Denying Coverage Based on the Insured’s Lack of Cooperation – A Difficult Standard for Insurers to Meet


An insured’s duty to cooperate with its insurer in the investigation and potential payment of claims is essential to the insurance relationship and is often a condition precedent to coverage. As the Supreme Court for the State of Washington recently affirmed, however, an insurer’s ability to deny coverage based on lack of cooperation is limited. Staples v. Allstate Ins. Co., No. 86413-6 (Wash. Jan. 24. 2013). To do so, the insurer must demonstrate a substantial and material breach by the insured of the cooperation clause that results in actual prejudice to the insurer. In other words, where the insured has substantially complied with the cooperation clause or there has been no prejudice to the insurer, a denial of coverage for breach of cooperation will not stand.

In Staples v. Allstate Ins. Co., a van belonging to the insured John Staples that contained a large collection of tools was stolen. Staples reported the theft to the police, telling them that the van was a work truck and the tools were worth $15,000. In submitting a claim to his insurer Allstate, Staples represented that the tools were worth $20,000 – $25,000, and were for his personal use. Based on these apparent inconsistent statements, Allstate requested certain documents from Staples, including proof of ownership and a sworn statement in proof of loss, among others. Allstate took two recorded statements form Staples, neither of which was under oath.

The sworn proof of loss and other information was not provided by Staples until nearly three months after the loss. Apparently unsatisfied with the information received, Allstate requested that Staples appear for an examination under oath, which it was entitled to under the cooperation clause of the policy. After difficulties scheduling the examination through a perceived lack of cooperation by Staples, Allstate denied the claim. In a suit by Staples against Allstate for breach of contract and bad faith, the trial court ruled in favor of Allstate on summary judgment, holding that coverage was barred because Staples breached the cooperation clause by failing to appear for an examination under oath. The Court of Appeals affirmed, and the case was appealed to the Washington Supreme Court.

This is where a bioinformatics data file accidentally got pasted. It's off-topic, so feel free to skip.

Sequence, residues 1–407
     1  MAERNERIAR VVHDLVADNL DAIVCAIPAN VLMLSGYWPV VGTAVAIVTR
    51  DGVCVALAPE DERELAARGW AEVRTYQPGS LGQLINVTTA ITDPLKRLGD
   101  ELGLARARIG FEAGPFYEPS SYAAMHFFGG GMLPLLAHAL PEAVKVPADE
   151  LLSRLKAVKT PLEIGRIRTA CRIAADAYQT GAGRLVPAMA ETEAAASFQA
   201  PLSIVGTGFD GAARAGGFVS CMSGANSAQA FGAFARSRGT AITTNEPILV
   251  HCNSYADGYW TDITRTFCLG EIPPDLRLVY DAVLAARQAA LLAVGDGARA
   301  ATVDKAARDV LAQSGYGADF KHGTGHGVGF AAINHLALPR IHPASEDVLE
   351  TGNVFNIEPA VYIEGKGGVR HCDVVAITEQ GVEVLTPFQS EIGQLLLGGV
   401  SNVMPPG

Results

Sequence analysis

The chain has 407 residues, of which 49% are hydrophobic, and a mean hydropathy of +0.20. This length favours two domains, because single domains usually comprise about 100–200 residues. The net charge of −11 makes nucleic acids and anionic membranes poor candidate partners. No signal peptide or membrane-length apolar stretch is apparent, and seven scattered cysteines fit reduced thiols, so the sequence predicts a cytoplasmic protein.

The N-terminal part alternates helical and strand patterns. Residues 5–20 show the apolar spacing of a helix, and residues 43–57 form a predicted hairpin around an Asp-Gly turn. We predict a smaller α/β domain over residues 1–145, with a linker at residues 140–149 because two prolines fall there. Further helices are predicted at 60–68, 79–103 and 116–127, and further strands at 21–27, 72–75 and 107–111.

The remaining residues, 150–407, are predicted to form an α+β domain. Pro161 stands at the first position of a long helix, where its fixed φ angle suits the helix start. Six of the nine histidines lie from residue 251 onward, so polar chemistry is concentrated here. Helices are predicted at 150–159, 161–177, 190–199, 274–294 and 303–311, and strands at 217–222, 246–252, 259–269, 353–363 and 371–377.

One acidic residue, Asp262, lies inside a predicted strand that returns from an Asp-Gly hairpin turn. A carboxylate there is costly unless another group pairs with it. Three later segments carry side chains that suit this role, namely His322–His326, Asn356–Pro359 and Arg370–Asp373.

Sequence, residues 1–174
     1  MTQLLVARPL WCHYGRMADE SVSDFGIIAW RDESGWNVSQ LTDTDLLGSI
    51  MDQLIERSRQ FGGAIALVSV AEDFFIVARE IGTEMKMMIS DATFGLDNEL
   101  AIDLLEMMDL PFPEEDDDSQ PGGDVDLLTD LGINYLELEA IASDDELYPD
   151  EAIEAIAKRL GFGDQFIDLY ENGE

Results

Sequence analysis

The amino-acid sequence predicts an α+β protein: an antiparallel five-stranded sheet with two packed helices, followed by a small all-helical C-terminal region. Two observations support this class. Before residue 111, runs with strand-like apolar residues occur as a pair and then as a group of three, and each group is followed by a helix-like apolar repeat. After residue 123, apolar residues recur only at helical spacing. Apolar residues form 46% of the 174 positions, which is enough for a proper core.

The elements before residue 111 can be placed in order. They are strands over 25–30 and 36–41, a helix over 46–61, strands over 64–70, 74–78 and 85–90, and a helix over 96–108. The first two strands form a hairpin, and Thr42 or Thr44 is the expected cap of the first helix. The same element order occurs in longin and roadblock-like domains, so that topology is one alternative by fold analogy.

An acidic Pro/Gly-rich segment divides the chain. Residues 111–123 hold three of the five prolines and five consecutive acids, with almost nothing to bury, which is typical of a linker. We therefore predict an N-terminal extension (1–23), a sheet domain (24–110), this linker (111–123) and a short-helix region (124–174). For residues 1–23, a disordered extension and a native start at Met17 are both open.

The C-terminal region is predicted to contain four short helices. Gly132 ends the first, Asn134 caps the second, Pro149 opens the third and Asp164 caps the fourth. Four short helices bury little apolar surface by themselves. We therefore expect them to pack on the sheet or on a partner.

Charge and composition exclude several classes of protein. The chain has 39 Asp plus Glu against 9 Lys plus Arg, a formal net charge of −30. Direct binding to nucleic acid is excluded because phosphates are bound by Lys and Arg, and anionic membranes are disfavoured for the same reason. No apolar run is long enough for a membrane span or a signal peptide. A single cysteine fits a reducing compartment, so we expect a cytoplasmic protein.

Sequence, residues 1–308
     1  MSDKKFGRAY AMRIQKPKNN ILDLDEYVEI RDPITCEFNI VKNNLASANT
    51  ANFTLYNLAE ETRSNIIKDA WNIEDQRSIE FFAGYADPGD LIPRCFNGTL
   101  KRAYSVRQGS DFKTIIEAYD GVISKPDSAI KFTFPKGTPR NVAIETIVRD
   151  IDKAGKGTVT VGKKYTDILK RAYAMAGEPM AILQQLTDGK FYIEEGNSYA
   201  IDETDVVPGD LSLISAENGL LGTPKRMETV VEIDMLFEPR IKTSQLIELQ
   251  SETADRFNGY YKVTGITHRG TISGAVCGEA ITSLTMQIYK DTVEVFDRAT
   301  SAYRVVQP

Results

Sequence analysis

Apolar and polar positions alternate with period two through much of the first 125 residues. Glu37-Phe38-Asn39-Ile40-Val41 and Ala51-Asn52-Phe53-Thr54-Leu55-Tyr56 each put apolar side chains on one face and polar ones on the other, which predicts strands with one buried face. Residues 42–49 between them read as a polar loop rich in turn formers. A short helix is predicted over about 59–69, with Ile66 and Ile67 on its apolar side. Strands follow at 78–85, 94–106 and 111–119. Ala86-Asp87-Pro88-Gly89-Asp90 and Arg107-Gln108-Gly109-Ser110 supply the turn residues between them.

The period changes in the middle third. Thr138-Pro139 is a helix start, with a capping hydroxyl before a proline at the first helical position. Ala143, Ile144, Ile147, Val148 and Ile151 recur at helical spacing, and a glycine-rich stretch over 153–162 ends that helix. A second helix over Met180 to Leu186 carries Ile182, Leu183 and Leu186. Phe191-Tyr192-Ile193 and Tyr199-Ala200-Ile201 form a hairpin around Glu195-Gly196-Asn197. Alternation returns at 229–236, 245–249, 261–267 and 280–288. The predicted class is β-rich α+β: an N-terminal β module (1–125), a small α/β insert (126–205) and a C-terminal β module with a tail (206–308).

The Washington Supreme Court reversed, finding material issues of fact as to (1) Staples’ compliance with the cooperation clause and (2) whether any prejudice was actually incurred by Allstate as a result of Staples’ alleged lack of cooperation. As to the first issue, the court held that “[b]reach of a cooperation clause is measured by the yardstick of substantial compliance.” Staples’ appearance for two recorded interviews and production of many of the documents requested by Allstate was enough to demonstrate a genuine question of material fact as to the adequacy of Staples’ “cooperation.”

The court further held that an insurer must show prejudice before it can rely on breach of a cooperation clause to deny a claim. A showing of actual prejudice requires “affirmative proof of an advantage lost or disadvantage suffered as a result of the [breach], which has an identifiable detrimental effect on the insurer’s ability to evaluate or present its defenses to coverage or liability.” Id. (quoting Dien Tran v. State Farm Fire & Cas. Co., 961 P.2d 358 (Wash. 1998)). The court explained that the burden to show prejudice is on the insurer, and is an issue of fact that will seldom be established as a matter of law. Prejudice will be presumed (as a matter of law) only in “extreme cases.”

In short, for an insurer to deny coverage based on breach of the cooperation clause, the insurer must show a substantial and material breach of the cooperation clause that results in actual prejudice.